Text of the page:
Around the World in 50 Years: My Adventure to Every Country on Earth – Albert Podell
This is the inspiring story of an ordinary guy who achieved two great goals that others had told him were impossible. First, he set a record for the longest automobile journey ever made around the world, during the course of which he blasted his way out of minefields, survived a serious accident atop the Peak of Death, came within seconds of being lynched in Pakistan, and lost three of the five men who started with him, two to disease, one to the Vietcong.
After that, although it took him forty-seven more years-Albert Podell set another record by going to every country on Earth. He achieved this by surviving riots, revolutions, civil wars, trigger-happy child soldiers, voodoo priests, robbers, pickpockets, corrupt cops, and Cape buffalo. He went around, under, or through every kind of earthquake, cyclone, tsunami, volcanic eruption, snowstorm, and sandstorm that nature threw at him. He ate everything from old camel meat and rats to dung beetles and the brain of a live monkey. And he overcame attacks by crocodiles, hippos, anacondas, giant leeches, flying crabs and several beautiful girlfriends who insisted that he stop this nonsense and marry them.
Last Seen in Lhasa: The story of an extraordinary friendship in modern Tibet – Claire Scobie
Some go to Tibet seeking inspiration, others for adventure. The award-winning journalist, Claire Scobie, found both when she left her ordinary life in London and went to the Himalayas in search of a rare red lily. Her journey took her to Pemako, where few Westerners have set foot and where the myth of Shangri-la was born. It was here she became friends with Ani, an unusual Tibetan nun who was to change her life.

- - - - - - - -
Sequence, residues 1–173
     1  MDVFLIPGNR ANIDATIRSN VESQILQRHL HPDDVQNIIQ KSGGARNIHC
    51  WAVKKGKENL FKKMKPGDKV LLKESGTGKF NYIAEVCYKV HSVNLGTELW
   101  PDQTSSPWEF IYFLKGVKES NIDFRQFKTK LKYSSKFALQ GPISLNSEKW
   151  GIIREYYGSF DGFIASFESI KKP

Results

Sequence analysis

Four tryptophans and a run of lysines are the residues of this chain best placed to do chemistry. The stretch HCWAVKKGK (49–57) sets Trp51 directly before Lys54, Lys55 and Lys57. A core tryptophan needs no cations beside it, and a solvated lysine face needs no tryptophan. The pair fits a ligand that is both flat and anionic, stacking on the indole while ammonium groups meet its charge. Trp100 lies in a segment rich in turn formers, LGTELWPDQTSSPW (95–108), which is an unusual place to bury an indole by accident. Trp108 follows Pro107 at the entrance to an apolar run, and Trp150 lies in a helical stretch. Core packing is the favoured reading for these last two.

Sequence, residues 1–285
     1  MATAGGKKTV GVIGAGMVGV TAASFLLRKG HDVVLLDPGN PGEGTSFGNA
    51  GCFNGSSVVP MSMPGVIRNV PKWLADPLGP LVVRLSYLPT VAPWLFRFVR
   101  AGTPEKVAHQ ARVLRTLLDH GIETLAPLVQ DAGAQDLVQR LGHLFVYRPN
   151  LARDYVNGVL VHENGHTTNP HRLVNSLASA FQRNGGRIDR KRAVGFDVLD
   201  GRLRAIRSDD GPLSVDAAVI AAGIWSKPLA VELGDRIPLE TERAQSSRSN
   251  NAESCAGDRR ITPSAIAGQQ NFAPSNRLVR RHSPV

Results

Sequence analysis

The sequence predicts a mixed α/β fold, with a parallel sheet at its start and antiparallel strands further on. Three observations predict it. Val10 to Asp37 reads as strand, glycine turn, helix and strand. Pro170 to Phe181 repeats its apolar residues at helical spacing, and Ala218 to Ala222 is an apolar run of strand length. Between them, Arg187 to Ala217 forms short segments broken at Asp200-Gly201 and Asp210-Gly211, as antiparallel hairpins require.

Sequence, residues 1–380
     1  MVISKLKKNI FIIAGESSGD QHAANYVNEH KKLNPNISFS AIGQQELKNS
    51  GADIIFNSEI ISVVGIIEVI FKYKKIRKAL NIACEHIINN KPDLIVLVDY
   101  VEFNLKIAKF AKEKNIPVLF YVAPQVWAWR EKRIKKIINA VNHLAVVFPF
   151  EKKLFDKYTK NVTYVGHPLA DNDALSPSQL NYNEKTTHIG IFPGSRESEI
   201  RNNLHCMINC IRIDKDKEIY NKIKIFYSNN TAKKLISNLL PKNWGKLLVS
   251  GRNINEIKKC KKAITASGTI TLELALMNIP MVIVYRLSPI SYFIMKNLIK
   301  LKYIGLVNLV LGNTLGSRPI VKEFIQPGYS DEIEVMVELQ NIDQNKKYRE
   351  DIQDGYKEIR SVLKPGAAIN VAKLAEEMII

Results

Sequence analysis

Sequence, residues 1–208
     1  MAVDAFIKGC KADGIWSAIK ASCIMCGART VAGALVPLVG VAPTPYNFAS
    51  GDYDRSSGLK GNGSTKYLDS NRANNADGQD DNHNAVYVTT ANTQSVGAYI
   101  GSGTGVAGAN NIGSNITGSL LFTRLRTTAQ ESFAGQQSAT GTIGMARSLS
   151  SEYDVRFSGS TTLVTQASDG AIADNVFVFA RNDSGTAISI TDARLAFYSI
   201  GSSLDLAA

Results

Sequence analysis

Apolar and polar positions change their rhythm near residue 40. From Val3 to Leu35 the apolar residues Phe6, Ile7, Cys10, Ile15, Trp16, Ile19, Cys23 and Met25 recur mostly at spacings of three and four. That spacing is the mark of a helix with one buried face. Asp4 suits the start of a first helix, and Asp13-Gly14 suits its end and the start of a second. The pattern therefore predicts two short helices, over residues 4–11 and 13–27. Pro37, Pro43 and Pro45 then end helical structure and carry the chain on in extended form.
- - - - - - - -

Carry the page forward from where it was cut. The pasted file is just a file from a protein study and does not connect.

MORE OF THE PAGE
Through seven journeys in Tibet, Claire chronicles a rapidly changing world — where monks talk on mobiles and Lhasa’s sex industry thrives. But it is Ani, a penniless wanderer with a rich heart, who leaves an indelible impression. Together, in a culture where freedom of expression is forbidden, they risk arrest. And they forge an abiding friendship, based on intuition and deep respect.
Tales of a Female Nomad: Living at Large in the World – Rita Golden Gelman
Tales of a Female Nomad is the story of Rita Golden Gelman, an ordinary woman who is living an extraordinary existence. At the age of forty-eight, on the verge of a divorce, Rita left an elegant life in L.A. to follow her dream of connecting with people in cultures all over the world.
In 1986 she sold her possessions and became a nomad, living in a Zapotec village in Mexico, sleeping with sea lions on the Galapagos Islands, and residing everywhere from thatched huts to regal palaces. She has observed orangutans in the rain forest of Borneo, visited trance healers and dens of black magic, and cooked with women on fires all over the world. Rita’s example encourages us all to dust off our dreams and rediscover the joy, the exuberance, and the hidden spirit that so many of us bury when we become adults.
Behind the Wall: A Journey Through China – Colin Thubron